Sharing is caring!

You’ve made it to the third trimester! You’re in the home stretch and soon you’ll be bringing your baby home. Unfortunately, there are still a few hurdles to get over. The third trimester can bring new symptoms and intensify symptoms you already developed in the first and second trimesters. It can be a rough few months but will totally worth it when your baby arrives. Here are 7 common third trimester symptoms you should prepare for.

None of the information in this post should be used in place of medical advice. These are simply my opinions based on experience and research. Always consult your healthcare professionals if you have concerns.

This is post 19 in my series, 31 days of tips for the mom to be.

common third trimester symptoms

This post contains affiliate links. If you make a purchase after clicking one of my links I may earn a commission at no additional cost to you. 

1. heartburn

Tums may soon become your new best friends. I highly recommend keeping some in your purse for on the go. While the heartburn starts a little for me in the second trimester it tends to increase a lot in the third trimester. Your baby is growing quickly and pushing organs upwards and out of the way which can wreck havoc with your digestive system. Even water can give you heartburn late in your pregnancy. Luckily mine went away as soon as my daughter was born and yours may do the same.

2. swollen feet and legs

With the extra weight and your circulatory working on overdrive, you may find your feet and even your legs can become swollen. Try to stay hydrated, avoid large amounts of sodium, and keep your feet elevated when you’re sitting. You may also need to purchase compression socks to help combat the swelling.

If your swelling is severe or comes on quickly, especially in areas other than your legs and feet, contact your care provider as these can be signs of preeclampsia.

3. spider veins/varicose veins

Those compression socks may also come in handy if you’re dealing with spider veins or varicose veins. Spider veins are noticeable veins near the surface of the skin that can appear in a web type pattern. They occur more often in the legs but can appear anywhere on the body. Varicose veins are enlarged veins caused by the increased blood flow and occur most often in the legs. While both of these are usually harmless be sure to bring it up to your doctor to be safe.

Compression socks, elevating your feet, exercise, and staying hydrated can all help to combat these vein issues. If you keep the blood flowing and avoid allowing it to pool and create pressure in the legs it may reduce these vein issues. But unfortunately, some of it is just genetic.

4. Constipation

Constipation is often experienced across the entire pregnancy as your body changes. But, often in the third trimester, a pregnant woman will be asked to take extra iron supplements as the baby may begin to make you anemic. While the iron is important for mom and baby the supplements can be hard on your digestive system. You may need to ask your care provider about taking a stool softener as well to help ease things along. Constant constipation can contribute to hemorrhoids.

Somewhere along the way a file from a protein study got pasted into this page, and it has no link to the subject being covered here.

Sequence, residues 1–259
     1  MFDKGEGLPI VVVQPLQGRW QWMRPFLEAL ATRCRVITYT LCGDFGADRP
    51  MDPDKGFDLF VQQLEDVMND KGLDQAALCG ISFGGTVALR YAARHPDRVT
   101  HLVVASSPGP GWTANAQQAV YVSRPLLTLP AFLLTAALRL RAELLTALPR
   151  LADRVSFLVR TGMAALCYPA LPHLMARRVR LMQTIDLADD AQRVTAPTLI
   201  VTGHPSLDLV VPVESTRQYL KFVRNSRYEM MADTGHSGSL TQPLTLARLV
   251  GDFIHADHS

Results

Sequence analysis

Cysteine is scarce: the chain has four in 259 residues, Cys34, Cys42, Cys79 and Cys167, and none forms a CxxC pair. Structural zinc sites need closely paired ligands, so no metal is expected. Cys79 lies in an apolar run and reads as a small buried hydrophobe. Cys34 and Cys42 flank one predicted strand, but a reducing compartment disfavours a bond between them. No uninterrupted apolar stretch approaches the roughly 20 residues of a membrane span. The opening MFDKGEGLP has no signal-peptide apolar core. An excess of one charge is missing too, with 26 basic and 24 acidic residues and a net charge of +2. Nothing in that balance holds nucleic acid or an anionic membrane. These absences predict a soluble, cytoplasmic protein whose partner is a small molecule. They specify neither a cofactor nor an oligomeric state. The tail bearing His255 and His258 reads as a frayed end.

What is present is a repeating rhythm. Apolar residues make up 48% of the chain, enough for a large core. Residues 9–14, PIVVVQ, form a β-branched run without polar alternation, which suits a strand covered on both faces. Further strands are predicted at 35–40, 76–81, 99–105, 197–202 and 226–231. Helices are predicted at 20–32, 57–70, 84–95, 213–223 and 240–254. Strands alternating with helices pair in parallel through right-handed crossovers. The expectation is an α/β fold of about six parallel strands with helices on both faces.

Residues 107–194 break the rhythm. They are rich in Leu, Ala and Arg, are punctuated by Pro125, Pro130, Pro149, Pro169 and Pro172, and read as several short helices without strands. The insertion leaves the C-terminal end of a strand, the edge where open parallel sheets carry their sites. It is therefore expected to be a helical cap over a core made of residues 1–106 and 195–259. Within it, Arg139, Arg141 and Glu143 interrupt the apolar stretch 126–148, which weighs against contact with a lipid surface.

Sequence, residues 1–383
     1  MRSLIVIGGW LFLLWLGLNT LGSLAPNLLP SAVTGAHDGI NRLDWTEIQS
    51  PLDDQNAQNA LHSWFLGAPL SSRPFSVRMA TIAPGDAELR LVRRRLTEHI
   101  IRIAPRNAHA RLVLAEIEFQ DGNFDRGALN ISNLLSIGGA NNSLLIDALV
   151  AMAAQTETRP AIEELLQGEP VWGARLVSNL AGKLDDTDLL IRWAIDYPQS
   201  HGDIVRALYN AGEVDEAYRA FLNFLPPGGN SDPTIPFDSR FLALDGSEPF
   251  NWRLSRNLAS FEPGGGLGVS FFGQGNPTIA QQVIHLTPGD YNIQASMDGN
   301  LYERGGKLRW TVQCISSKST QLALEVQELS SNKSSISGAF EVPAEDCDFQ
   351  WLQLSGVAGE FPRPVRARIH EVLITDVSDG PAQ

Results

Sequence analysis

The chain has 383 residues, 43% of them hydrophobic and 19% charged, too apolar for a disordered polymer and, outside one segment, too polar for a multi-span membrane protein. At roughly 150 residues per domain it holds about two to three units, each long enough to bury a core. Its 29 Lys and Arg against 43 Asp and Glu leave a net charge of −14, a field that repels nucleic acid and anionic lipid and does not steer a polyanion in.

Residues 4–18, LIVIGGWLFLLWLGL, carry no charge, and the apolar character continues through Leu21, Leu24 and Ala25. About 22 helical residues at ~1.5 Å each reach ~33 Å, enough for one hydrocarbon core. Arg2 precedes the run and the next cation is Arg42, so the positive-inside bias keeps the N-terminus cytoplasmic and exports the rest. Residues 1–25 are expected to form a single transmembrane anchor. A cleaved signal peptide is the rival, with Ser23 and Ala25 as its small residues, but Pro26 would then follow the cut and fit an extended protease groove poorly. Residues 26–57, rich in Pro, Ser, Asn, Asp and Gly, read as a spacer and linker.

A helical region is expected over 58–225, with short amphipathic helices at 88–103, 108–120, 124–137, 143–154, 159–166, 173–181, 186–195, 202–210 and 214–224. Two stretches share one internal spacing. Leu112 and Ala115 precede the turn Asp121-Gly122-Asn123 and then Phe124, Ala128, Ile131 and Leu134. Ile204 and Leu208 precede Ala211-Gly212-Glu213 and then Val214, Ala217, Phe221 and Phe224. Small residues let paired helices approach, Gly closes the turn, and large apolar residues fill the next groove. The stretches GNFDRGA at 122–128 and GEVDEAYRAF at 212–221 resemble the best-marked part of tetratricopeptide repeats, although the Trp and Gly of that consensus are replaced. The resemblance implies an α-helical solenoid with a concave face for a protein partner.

5. hemorrhoids

Hemorrhoids are actually a form of varicose veins that occur in the rectum. The biggest cause of hemorrhoids during pregnancy is constipation. The increased pressure down there can also contribute to the problem. Hemorrhoids are often uncomfortable or even downright painful and can even cause bleeding from the area.

Take measures to prevent constipation to help avoid the issue. If you develop hemorrhoids you can use tucks pads, these will also be your best friends post-partum. A warm bath with or without baking soda may also help ease discomfort.

6. leaking breasts

If you notice a wet spot on your shirt or feel something dripping from your breasts don’t panic! Throughout your pregnancy, your breasts have been growing and preparing to serve as a food source for your baby. The dripping liquid is colostrum, this is what your baby will get as nutrients before your milk comes in fully.

To stop embarrassing wet spots you can buy some simple breast pads. You can get both single-use breast pads as well as reusable breast pads. Even better, you can try to capture and save that liquid gold. Colostrum is full of great nutrients and having some on hand before your baby is born is great! It can also help if your baby has any latch issues in those early weeks.

To collect it you could try using milk savers if you are leaking quite a bit. Otherwise, you can try hand expressing colostrum with the permission of your doctor or midwife. DO NOT use a breast pump as this could cause you to go into early labor. The best person to consult about breastfeeding questions, including collecting colostrum, is your local lactation consultant.

7. nesting

Despite all these potential uncomfortable symptoms you may get hit with the nesting bug which will make you want to clean and organize despite feeling a bit physically run down! There is a certain biological urge that hits many women later in pregnancy to clean and create a safe environment for their soon to arrive baby. Just be careful not to overdo it! You may also need to be careful of what chemicals you use to clean with and always work in a well-ventilated space if you are using strong chemicals. Check out my non-toxic products series for some ideas on less toxic alternatives.

Sharing is caring!

    Leave a Reply

    Your email address will not be published. Required fields are marked *